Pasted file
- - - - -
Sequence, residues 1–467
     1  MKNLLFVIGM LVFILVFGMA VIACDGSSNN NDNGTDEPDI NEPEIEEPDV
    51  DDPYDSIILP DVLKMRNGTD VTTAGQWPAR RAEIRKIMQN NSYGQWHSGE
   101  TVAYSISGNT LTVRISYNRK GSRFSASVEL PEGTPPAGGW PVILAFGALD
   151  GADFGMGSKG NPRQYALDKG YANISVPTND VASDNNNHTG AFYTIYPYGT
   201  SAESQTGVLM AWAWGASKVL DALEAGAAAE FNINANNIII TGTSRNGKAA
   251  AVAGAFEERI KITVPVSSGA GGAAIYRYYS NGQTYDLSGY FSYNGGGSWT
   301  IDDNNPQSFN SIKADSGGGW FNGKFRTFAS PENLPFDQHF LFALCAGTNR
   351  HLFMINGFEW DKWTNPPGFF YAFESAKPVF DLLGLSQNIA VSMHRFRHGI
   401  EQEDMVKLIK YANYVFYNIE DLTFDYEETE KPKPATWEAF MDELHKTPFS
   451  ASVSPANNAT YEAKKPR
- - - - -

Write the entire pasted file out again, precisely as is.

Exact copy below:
Sequence, residues 1–467
     1  MKNLLFVIGM LVFILVFGMA VIACDGSSNN NDNGTDEPDI NEPEIEEPDV
    51  DDPYDSIILP DVLKMRNGTD VTTAGQWPAR RAEIRKIMQN NSYGQWHSGE
   101  TVAYSISGNT LTVRISYNRK GSRFSASVEL PEGTPPAGGW PVILAFGALD
   151  GADFGMGSKG NPRQYALDKG YANISVPTND VASDNNNHTG AFYTIYPYGT
   201  SAESQTGVLM AWAWGASKVL DALEAGAAAE FNINANNIII TGTSRNGKAA
   251  AVAGAFEERI KITVPVSSGA GGAAIYRYYS NGQTYDLSGY FSYNGGGSWT
   301  IDDNNPQSFN SIKADSGGGW FNGKFRTFAS PENLPFDQHF LFALCAGTNR
   351  HLFMINGFEW DKWTNPPGFF YAFESAKPVF DLLGLSQNIA VSMHRFRHGI
   401  EQEDMVKLIK YANYVFYNIE DLTFDYEETE KPKPATWEAF MDELHKTPFS
   451  ASVSPANNAT YEAKKPR